Anybody think that's not a big thing or don't worry about it that's ridiculous. This is a big thing and it's going to harm not just this economy but economies all over the world, and we're not going to do that. If we do, I think they should all ask for our resignation. They should ask for all of our resignations if we can't come together for the good of our country.

BURNETT: All right. Well, thank you very much, Senator Manchin. I think a lot of people will want to take you up on that if it does fail. And I say that only with a slight smile because it is so frustrating.

OUTFRONT next, the story we first brought you yesterday -- a girl accuses an older boy of rape. The charges then are dropped. She and her family say politics played a role and they were ostracized by the community. Every angle covered the alleged victim, her mother, a friend who was with her that night and the town sheriff are all OUTFRONT.

(COMMERCIAL BREAK)

BURNETT: Our sixth story tonight breaking news. Tonight, Missouri's lieutenant governor calling for a grand jury to investigate an alleged rape of 14-year-old girl by a popular high school football player who was 17. This is a story we first brought you last night.

The charges against the football player were dropped after a few months even though the town sheriff says there was a sexual assault. Then, the girl and her family say they became outcasts. They claim they were forced out of the small Missouri town they had made their home.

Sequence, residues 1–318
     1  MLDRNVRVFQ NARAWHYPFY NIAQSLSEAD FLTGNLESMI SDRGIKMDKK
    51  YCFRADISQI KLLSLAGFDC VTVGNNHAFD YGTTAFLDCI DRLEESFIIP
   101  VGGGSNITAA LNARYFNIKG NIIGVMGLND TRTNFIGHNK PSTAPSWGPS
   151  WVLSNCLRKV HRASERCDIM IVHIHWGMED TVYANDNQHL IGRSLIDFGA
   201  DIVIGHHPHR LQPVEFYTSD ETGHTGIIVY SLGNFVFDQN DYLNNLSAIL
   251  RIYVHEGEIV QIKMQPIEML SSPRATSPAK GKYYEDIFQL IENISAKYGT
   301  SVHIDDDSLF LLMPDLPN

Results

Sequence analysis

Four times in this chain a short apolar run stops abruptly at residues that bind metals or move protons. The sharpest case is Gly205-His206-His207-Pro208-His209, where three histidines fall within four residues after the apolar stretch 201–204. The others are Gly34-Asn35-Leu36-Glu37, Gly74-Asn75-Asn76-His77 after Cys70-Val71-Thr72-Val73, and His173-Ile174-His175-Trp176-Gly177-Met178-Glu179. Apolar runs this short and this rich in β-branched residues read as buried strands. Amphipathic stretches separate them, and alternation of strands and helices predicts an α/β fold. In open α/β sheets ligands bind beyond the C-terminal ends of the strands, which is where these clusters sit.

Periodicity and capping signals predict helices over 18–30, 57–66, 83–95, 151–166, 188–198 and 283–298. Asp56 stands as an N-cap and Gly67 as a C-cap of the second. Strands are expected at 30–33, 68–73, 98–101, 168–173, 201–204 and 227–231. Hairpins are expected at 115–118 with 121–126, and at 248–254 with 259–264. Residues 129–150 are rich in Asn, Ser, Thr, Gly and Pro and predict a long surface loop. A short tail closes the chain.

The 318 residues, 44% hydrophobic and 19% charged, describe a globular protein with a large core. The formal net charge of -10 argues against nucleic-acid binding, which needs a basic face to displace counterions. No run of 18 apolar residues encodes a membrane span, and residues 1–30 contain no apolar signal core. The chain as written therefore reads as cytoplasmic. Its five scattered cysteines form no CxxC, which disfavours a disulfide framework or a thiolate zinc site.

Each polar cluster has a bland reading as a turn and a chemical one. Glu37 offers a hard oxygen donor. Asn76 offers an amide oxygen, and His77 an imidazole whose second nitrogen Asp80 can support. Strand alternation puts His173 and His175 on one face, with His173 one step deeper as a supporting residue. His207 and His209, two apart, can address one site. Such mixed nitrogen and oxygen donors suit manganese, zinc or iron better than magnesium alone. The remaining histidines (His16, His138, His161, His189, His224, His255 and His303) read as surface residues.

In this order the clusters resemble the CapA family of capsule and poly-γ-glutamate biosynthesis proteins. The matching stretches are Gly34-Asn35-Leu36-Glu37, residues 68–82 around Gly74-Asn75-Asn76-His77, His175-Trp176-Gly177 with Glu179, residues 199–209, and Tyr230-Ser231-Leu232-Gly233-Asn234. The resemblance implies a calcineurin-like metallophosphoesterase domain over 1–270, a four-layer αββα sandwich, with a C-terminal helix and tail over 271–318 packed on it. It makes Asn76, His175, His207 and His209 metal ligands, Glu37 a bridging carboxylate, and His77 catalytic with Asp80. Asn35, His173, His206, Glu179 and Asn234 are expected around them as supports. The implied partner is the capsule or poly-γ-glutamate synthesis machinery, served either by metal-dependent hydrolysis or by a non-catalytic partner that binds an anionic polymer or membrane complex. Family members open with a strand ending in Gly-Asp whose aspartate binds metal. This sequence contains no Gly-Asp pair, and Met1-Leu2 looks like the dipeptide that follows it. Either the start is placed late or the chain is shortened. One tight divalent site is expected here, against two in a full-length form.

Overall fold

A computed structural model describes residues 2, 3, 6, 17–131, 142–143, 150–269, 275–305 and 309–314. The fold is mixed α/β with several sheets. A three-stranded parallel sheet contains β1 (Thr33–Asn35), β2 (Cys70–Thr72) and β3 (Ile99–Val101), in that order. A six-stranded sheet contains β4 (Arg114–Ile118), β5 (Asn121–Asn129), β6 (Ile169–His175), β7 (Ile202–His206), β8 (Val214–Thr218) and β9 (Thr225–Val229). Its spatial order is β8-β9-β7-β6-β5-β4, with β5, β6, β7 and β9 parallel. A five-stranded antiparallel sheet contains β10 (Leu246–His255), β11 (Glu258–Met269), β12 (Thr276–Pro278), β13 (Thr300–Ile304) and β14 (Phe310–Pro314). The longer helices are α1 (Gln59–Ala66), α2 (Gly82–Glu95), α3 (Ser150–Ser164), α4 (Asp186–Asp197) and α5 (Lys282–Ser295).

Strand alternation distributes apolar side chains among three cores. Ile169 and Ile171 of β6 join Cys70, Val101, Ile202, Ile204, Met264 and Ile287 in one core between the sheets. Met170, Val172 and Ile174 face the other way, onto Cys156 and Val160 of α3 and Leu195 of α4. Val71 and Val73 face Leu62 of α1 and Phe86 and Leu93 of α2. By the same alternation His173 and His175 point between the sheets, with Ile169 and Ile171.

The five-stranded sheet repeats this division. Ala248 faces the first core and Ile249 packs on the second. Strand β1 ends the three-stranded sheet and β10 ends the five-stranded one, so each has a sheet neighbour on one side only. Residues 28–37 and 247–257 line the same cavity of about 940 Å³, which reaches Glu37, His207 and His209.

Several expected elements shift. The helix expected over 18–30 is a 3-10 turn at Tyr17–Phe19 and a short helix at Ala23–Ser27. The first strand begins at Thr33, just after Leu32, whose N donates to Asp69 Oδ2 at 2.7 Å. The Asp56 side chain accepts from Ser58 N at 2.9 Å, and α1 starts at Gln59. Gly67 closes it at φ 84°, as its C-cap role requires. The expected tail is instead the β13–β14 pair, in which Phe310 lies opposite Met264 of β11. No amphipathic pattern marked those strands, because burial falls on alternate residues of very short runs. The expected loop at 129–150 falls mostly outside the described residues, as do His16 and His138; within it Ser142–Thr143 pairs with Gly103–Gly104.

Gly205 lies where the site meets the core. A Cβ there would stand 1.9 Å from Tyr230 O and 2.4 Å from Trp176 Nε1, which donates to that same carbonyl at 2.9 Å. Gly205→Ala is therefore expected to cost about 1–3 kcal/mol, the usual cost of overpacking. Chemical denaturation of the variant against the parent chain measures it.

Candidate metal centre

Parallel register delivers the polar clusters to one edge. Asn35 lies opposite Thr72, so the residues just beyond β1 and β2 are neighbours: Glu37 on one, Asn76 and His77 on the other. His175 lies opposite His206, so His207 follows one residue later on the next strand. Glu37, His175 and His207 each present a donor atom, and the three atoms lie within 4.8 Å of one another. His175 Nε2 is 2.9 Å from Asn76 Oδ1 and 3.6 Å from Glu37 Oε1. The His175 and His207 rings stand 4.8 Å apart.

We begin our coverage tonight with Ana Cabrera who is in Maryville. She's OUTFRONT.

(BEGIN VIDEOTAPE)

DAISY COLEMAN, ALLEGED RAPE VICTIM: It still feels like a dream sometimes like maybe it didn't happen.

ANA CABRERA, CNN CORRESPONDENT (voice-over): After nearly two years of torment, 16-year-old Daisy Coleman is trying to move forward.

D. COLEMAN: First, it really started with moving to Albany, and getting back with my old friends and my roots and that helped a lot.

CABRERA: Her brother says she's come a long way.

CHARLIE COLEMAN, DAISY COLEMAN'S BROTHER: After the event, I rarely saw her. I was nervous about saying certain things to her. Just in fear that something would just happen like she would freak out. And recently after getting help, she's been a lot better.

CABRERA: But she can't forget what happened. She says she was raped by a 17-year-old football player from Maryville high school, about 40 miles away from Albany. Maryville is a quaint, all American town that her family once loved, but a town they felt turned it back on them.

SHERIFF DARREN WHITE, NODAWAY COUNTY SHERIFF'S DEPT: Was Daisy Coleman a victim? Absolutely. Did Daisy Coleman deserve justice? Absolutely.

CABRERA: Sheriff Darren White made arrests, but prosecuting attorney Robert Rice dropped all the charges, citing insufficient evidence. In a statement, he claims the victim would not agree to testify.

MELINDA COLEMAN, DAISY COLEMAN'S MOTHER: That's a lie.

CABRERA (on camera): Why would he -- why would he say that?

M. COLEMAN: I don't know. We thought we had done everything. He never said anything else. Nobody ever asked us for anything else.

CABRERA: The accused walked free while Daisy said she was punished. At school and online, Daisy says people hurled hateful words.

D. COLEMAN: Like the W-word, the B-word. The S-word. Just basically throwing out anything they could.

CABRERA: The family felt their only option was to move. But then this happened -- fire broke out at the home they were trying to sell. Investigators never found the origin.

But whether it was arson or just an accident, it was a sign the Coleman family couldn't ignore.

Now, social media is burning up with outrage over the Coleman story. The group Anonymous has taken up the family's cause. People around the country calling for justice for Daisy, a protest planned in Maryville next week. (END VIDEOTAPE)